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The Smart Elite family extends to the UAAP



Smart Communications’, the undisputed mobile leader in the Philippines, commitment to encourage the Filipino youth to cultivate a passion for sports continued Wednesday afternoon with the introduction of nine new ambassadors to the Smart Elite family.

Last July 8, 2015, ten outstanding student-athletes from the NCAA were introduced to be the ambassadors of living the Smart Life were introduced. Yesterday, nine more student-athletes from the UAAP joined the Smart Elite family at Cali Burger at Century Mall, Makati City.

Joining San Beda’s Baser Amer, Perpetual’s Scottie Thompson, Arellano’s Jio Jalalon, Letran’s Rey Nambatac, Jose Rizal’s Tey Teodoro, Benilde’s Jonathan Grey, San Sebastian’s Bradwyn Guinto, Mapua’s Andretti Stevens, Emilio Aguinaldo’s Francis Munsayac, and Lyceum’s Joseph Gabayni are Ateneo’s Kiefer Ravena and Von Pessumal, FEU’s Mac Belo, NU’s Gelo Alolino, UST’s Kevin Ferrer, DLSU’s Prince Rivero, UP’s Jett Manuel, Adamson’s Dawn Ochea, and UE’s Paul Varilla.

Smart Sports senior manager Epok Quimpo opened the launch by emphasizing the concept of living the Smart life. “The Smart Life is touching our passion points,” Quimpo opened. “This includes sports. The passion for sports is what we want Filipinos to experience across the nation. That is why we identified these UAAP standouts to help us in promoting the Smart Life.”

For the returning Jett Manuel, he felt honored to be a part of this elite group of student-athletes, especially since he sacrificed playing the game he loved for academics. “It’s a great honor to be back in UP and a greater honor to be part of this group,” he enthusiastically said. “Hopefully, I do better this season.”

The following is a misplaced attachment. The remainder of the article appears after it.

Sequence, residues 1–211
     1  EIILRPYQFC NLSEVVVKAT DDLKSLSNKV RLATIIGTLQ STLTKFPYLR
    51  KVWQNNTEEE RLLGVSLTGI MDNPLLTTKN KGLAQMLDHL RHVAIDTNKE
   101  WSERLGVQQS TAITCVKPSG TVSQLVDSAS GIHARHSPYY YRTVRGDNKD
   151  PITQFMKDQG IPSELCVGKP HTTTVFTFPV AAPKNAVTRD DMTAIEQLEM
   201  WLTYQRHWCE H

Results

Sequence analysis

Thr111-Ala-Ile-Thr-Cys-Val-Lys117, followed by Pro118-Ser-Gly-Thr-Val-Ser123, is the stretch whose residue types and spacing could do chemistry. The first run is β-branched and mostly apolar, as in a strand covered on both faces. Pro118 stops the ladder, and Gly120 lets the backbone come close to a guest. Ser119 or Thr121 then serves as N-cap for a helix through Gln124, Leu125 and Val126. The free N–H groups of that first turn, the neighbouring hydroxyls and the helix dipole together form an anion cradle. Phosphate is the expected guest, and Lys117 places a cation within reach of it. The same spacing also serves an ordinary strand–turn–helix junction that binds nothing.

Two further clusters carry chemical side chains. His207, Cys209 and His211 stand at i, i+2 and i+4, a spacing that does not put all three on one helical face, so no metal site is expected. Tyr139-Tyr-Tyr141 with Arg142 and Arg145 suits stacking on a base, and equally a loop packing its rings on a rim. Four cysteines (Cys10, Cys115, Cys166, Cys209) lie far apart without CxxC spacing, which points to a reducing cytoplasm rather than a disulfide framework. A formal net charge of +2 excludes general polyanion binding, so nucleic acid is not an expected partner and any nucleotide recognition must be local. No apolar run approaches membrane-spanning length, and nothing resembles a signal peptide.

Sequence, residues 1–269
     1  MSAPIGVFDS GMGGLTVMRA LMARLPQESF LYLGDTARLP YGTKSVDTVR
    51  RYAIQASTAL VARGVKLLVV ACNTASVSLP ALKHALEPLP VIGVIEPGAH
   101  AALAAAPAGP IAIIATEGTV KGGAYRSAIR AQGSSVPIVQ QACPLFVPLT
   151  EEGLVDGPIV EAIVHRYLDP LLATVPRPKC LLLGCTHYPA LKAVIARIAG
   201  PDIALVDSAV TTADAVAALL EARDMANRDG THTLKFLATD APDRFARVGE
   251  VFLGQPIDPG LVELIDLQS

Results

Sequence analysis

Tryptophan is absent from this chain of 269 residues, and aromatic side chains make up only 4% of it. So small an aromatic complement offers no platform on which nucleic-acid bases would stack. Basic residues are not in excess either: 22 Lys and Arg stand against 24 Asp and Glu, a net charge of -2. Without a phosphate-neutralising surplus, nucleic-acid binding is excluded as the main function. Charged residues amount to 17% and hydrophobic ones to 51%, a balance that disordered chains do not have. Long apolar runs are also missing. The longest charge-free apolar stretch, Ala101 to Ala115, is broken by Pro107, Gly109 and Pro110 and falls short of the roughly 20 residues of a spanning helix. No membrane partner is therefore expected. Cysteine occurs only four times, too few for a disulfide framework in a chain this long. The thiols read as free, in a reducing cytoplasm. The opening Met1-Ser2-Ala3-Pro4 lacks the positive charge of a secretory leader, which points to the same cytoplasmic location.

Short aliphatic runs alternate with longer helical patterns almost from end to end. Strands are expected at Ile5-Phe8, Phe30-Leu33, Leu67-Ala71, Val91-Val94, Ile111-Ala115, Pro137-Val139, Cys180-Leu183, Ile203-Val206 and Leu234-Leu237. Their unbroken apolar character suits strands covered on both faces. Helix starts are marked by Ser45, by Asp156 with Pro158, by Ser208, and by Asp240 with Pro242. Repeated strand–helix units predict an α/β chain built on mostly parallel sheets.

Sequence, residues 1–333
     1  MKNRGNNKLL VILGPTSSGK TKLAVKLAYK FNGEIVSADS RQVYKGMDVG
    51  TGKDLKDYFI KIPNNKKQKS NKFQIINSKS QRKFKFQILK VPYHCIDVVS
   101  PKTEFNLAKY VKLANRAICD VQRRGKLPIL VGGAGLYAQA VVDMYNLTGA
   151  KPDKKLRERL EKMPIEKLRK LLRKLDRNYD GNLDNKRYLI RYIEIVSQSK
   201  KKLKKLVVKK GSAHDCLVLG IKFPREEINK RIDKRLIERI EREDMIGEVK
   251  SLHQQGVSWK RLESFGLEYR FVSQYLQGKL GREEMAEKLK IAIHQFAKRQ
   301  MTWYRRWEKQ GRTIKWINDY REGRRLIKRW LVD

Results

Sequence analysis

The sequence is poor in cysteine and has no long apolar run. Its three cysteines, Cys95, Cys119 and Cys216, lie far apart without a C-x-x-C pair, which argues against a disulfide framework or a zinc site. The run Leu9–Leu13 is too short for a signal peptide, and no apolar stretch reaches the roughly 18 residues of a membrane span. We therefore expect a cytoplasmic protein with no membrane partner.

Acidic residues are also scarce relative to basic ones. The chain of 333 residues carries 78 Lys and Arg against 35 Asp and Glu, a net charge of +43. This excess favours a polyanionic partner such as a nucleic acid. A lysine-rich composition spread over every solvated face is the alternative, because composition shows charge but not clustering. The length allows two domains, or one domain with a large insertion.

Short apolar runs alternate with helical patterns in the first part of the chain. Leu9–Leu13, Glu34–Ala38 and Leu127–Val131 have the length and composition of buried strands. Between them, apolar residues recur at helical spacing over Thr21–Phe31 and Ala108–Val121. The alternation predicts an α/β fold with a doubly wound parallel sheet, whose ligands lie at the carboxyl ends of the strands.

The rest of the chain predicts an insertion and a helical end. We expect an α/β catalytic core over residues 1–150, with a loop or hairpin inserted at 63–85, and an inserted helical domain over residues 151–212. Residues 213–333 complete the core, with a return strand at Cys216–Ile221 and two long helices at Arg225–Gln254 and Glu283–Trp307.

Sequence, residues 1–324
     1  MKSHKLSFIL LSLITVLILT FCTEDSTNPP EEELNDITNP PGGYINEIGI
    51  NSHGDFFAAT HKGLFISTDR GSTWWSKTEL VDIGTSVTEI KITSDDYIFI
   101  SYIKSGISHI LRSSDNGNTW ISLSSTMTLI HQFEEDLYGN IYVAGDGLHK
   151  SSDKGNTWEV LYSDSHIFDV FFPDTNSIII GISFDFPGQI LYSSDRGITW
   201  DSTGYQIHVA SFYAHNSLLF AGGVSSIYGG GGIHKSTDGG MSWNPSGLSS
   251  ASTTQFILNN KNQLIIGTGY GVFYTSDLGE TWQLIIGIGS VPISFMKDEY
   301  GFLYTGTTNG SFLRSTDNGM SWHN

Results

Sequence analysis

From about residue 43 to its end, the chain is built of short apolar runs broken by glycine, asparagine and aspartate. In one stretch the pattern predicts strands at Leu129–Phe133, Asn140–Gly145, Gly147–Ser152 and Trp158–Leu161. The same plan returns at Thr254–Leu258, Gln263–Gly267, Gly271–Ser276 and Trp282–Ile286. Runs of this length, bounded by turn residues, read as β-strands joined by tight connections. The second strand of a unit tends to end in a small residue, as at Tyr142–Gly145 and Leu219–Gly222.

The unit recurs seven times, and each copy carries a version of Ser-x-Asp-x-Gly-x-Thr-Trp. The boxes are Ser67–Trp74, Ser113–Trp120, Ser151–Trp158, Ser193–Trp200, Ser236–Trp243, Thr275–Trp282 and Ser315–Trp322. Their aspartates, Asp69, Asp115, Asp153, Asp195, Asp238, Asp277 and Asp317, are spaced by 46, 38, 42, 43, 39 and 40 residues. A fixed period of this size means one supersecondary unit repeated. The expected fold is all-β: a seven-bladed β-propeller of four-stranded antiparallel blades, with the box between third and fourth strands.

Gilas Cadet standouts Kevin Ferrer and Mac Belo both stressed that being a student comes first before being an athlete. Ferrer said that “I have to focus on my studies first since basketball is not forever. I wake up extra early to study then head to training. Attend class in the morning and then get back to training.”

UAAP champion Gelo Alolino, on the other hand, trained harder this past off-season to try and make his alma mater prouder. “Nag train hard kami this off-season,” he quipped. And with the help of techonology he is able to keep track of his personal progress. “Ako dinodocument ko pa online ang development ko individually like sa Instagram.”

Prince Rivero, being the youngest amongst all 19 Smart Elite ambassadors, feels that there is pressure in being a Smart Elite ambassador. However, he brushes the pressure off in saying that he’ll do his best to represent what it is to be a model student-athlete.

Looking forward to the UAAP season, last season’s MVP Kiefer Ravena is expecting that this season will be tough. “It’s going to be a tough season because all teams are strong. We all know UP, FEU, NU and UST will be up there. Pati yung UP, UE, and Adamson lumakas. I’m looking forward to this being a great season,” Ravena declared.

Ravena closed that for all of these student-athletes they need to make a conscious effort in thinking before doing especially with the advent of social media. “We have to be smart in everything that we do.”

Epok Quimpo also emphasized that being an ambassador for Smart Sports would not hinder with the tight schedules of these student-athletes. “The first priority is their teams. Smart will support in terms of the other things that they can. We’ll probably invite them to some events, but we’ll make sure it won’t be in conflict with the teams. Smart will be here to support them but hindi namin sila gagalawin while the tournament is ongoing. Just so everyone knows, we just want to identify this group of young men for people to actually look at them. Ito talaga yung next generation of national, and hopefully international, athletes.”

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